How Doctors Are Using Data To Predict Child Abuse
Doctors at Cook Children's Medical Center in Fort Worth are experimenting with data technology that could help predict neighborhoods where kids are most likely to be abused.
On Think, guest host Lauren Silverman talked about the forecasting software with Dr. Dyann Daley, a pediatric anesthesiologist at Cook Children's and head of the Center for Prevention of Child Maltreatment. She was also joined by clinical psychologist David Sanders, who chaired the Presidential Commission to Eliminate Child Abuse and Neglect Fatalities.
The KERA Interview
Dyann Daley on:
… how the predictive technology works:
“A lot of predictive analytics that you hear about in the news will look at things like person characteristics or profiling or that sort of thing. Risk terrain modeling looks at the environment. What we have done with risk terrain modeling is we look to see what’s surrounding children that are maltreated. What sort of buildings, businesses? What types of crimes? How can we take the risk factors that we know about from the CDC and from the adverse childhood experience study and other work, and look at them geographically on a map so that we can see where the risk is higher.”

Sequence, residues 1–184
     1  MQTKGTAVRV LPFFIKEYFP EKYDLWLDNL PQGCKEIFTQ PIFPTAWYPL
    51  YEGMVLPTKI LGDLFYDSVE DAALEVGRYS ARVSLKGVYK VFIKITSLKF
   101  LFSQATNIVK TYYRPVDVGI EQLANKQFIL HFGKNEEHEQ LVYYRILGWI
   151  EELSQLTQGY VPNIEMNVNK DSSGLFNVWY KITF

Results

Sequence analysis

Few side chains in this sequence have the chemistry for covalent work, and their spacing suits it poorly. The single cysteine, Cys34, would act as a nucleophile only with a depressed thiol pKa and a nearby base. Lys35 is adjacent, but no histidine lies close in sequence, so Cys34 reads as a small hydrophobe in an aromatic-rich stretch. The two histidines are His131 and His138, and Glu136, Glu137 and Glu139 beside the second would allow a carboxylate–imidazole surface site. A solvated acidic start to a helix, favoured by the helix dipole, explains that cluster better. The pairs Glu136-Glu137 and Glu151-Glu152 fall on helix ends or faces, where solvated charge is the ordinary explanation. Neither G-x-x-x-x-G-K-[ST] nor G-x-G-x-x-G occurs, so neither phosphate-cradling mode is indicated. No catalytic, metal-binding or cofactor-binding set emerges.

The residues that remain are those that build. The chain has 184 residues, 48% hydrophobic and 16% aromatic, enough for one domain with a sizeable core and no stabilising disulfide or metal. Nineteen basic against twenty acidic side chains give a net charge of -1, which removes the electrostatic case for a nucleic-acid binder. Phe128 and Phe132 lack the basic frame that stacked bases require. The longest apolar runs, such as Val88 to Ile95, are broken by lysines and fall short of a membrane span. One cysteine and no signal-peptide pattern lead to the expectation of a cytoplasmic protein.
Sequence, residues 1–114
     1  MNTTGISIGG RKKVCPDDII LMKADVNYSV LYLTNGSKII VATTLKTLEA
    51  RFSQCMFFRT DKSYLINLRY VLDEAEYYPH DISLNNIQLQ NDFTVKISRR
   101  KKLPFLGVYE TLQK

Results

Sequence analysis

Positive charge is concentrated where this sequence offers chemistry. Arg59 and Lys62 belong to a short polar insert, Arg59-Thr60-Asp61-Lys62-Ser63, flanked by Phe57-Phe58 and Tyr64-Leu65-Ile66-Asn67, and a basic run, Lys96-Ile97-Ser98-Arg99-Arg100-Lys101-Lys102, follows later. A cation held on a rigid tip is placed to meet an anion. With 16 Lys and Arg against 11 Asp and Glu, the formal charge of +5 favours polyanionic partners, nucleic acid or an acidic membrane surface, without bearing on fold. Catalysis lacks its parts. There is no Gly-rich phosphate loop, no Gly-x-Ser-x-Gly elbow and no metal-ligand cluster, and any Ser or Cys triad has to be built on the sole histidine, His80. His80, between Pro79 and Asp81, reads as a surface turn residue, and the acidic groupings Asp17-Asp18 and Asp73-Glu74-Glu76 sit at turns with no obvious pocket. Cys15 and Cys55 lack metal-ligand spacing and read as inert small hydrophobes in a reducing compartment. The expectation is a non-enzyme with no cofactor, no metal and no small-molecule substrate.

… risk factors that can lead to child maltreatment:
“What we found was that if you have in a football field-sized area poverty, domestic violence, aggravated assault, presence of a runaway and murder that the children that live inside of that same football field-sized area are about 150 times more likely to experience maltreatment.”
… the accuracy of risk terrain modeling:
“In our newer models, which are more precise, we found that we can predict where more than 80 percent of child maltreatment cases will occur in the future in an area of about 20 percent the size of the city of Fort Worth. We’ve also created a model for Austin, where we were able to identify where more than 50 percent of child maltreatment cases would occur in less than 7 percent of the city’s area.”
David Sanders on:
… why this technology is important:
“Most states and most systems wait until children have been abused or neglected to intervene. The resources to actually prevent abuse or neglect to make sure that children aren’t harmed in the first place aren’t available in general. What Dr. Daley’s study does is give a sense of where in a community do resources need to be deployed in order to make sure that children aren’t abused or neglected in the first place. I was surprise at the accuracy of it, but the importance of it can’t be overstated.”